Physiotherapist Jenny Brannigan has advice on how to prepare for the upcoming Dublin Marathon, three listeners take part in Mooney's Tuesday Quiz, we find out why Irish teenagers are sounding more and more like their American cousins, and we'll reveal the latest winner of our Fuel Your Schools competition!
For all those runners preparing for the Dublin Marathon – and there are 11,000 of you out there - D day is fast approaching! You have now less than 3 weeks to go to your October 28th deadline... So we have decided to enlist some expert help today to help you out in your final preparations!
Jenny Branigan is a physio from Total Physio, and she joins us in studio to tell us more...
If you have your own queries you would like to put to Jenny, text us your queries on 51551 or e-mail email@example.com.
It’s Tuesday, it’s Mooney, so what does that mean?
Well, "Mooney’s Tuesday Quiz" of course!!!
And, we have a terrific prize up for grabs today…
It’s a two-night weekend break for two people sharing a lakeside room in the beautiful Lusty Beg Island resort on Lough Erne in County Fermanagh.
Your prize also includes breakfast on both mornings and dinner on an evening of your choice.
‘Lusty Beg’ is quite unique. A small passenger ferry takes you and your car on the one minute crossing onto the island which has a selection of accommodation… cabins, chalets and a ‘private gate lodge’ for a romantic getaway!
And, while there, you can avail of the facilities of the Hotel’s newly opened Island Spa, walk around its 75 acres of nature trails, go kayaking, clay-pigeon shooting, off-road driving – the options are endless..
It’s a great prize…!
if you are a fan of Little Britain, you will of course be familiar with the schoolgirl character Vicky Pollard! Actor Matt Lucas takes his cues by parodying phrases current in Britain today, including Vicky’s famous catch-phrases that includes “yeah but no but yeah” and “shut up!” and “oh My God, I soo don’t believe you said that”!
And before you think that the young people of Ireland are immune from influence, remember Jedward being accused of having faux-American accents by Simon Cowell!
Is there a trend among many younger people in Ireland to sound more American? If so, will we all sound American before long?
For more, we are joined in studio today by Professor Jeffrey Kallen, Head of Linguistics and Phonetics in Trinity College Dublin...
If you were listening yesterday, you would have heard the good news about a very special school up in Sligo, the Mullaghroe national school, near Gorteen.
And that tiny school, with just 37 pupils, was the Connaught winner of our "Fuel Your School" competition, in association with Electric Ireland and Green Star.
Today, we turn to the province of Ulster! And we are joined by our regular Friday panellist, Richard Collins.
This morning, Richard was all the way up in County Donegal, accompanied by a very proud Donegal woman, our reporter, Katrina McFadden.
But Richard has raced back to Dublin, to join Marty in studio, and to announce the ULSTER winner of our Fuel Your School competition as...
Ballyraine National School, in Letterkenny, Co. Donegal! Richard went there this morning to meet up with the school's principal, David Oliver...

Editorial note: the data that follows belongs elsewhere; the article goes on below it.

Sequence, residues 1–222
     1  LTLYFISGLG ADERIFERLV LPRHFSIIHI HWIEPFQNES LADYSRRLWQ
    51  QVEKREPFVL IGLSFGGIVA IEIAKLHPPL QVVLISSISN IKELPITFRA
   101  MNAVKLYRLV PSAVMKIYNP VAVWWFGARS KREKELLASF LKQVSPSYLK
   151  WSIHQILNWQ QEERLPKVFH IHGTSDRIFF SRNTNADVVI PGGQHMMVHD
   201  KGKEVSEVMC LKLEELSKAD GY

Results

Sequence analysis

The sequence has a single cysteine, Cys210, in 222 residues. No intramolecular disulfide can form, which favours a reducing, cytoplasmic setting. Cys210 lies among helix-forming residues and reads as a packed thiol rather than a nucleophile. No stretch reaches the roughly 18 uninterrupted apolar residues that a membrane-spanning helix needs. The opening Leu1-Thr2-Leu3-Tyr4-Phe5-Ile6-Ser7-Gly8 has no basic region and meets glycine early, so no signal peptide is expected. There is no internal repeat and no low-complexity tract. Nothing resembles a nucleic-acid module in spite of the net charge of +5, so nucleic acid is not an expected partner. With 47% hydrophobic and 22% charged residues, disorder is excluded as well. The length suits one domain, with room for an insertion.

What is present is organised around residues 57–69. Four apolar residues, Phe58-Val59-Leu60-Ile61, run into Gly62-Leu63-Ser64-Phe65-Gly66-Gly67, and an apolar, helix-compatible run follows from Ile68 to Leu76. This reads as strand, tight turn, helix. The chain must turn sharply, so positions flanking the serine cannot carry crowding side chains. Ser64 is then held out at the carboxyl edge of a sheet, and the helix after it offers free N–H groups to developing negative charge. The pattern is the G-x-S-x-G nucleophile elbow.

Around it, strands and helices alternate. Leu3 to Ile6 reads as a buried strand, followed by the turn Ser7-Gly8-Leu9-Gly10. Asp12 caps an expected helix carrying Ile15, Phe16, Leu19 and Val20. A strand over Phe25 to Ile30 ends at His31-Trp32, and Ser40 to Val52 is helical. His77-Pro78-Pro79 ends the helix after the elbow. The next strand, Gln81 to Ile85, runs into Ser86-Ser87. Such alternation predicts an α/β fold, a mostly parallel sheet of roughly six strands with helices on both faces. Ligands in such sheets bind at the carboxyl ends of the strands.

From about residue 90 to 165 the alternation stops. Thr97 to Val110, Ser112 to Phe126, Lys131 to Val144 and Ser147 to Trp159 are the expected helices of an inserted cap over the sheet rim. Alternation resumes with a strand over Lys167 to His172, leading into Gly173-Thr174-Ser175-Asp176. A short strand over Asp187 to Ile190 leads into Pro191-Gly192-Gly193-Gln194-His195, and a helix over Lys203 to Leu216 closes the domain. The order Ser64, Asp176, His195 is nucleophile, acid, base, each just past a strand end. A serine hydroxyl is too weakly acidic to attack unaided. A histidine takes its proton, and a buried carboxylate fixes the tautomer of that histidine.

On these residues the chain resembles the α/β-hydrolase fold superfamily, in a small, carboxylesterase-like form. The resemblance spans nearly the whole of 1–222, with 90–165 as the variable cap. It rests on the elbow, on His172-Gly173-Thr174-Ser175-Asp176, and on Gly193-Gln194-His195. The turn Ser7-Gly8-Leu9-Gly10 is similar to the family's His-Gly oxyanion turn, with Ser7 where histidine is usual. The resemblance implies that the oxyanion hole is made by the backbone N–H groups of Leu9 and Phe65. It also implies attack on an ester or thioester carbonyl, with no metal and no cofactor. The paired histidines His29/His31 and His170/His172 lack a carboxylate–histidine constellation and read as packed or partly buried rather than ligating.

Richard Collins hands over a cheque of €5000 worth of energy, courtesy of Electric Ireland and Greenstar, to Ballyraine National School in Letterkenny
Hedgerows and the Law
Hedgerows in Ireland form important features in maintaining wildlife diversity and in establishing wildlife "corridors", particularly for birds. The commonest nesting birds found in hedgerows such as wrens, dunnocks, robin and willow warblers depend entirely on insects during the Summer months. In general untrimmed, thorned hedgerows containing species such as blackthorn, whitethorn and holly are favoured by birds as they provide ample food and also serve as a protection against predators.
Section 40 of the Wildlife Act, 1976, as amended by Section 46 of the 2000 Act, provides protection for hedgerows by providing that it shall be an offence for a person to cut, grub, burn or otherwise destroy hedgerows on uncultivated land during the nesting season from 1 March to 31 August, subject to certain exceptions. It is important that, where possible, necessary work to hedgerows is carried out outside this period.
It is possible in most cases to schedule and carry out necessary work to hedgerows outside this period. The legislation makes provision for works (other than road or other construction works) to be carried out for reasons of public health and safety under the authority of any Minister or a body established by statute that lead to the destruction of vegetation. There is also a provision to enable the Minister for Environment, Heritage and Local Government to request from the relevant Minister or body details of any such works together with a statement of the public health and safety factors involved.
It shall not be an offence to destroy vegetation in the ordinary course of agriculture or forestry. Also it shall not be illegal to destroy vegetation while preparing or clearing a site for lawful building or construction works.
It is the policy of the Minister to prosecute for offences under section 40 of the Wildlife Acts 1976 and 2000 and successful prosecutions have been taken under this section in recent years. Members of the public are encouraged to contact their local wildlife ranger and report instances where hedgerows are being destroyed during the prohibited period.
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Please DO NOT send any live, dead or skeletal remains of any creature whatsoever to Mooney Goes Wild.
If you find an injured animal or bird, please contact the National Parks & Wildlife Service on 1890 20 20 21, or BirdWatch Ireland, on 01 281-9878, or visit www.irishwildlifematters.ie
Presenter: Derek Mooney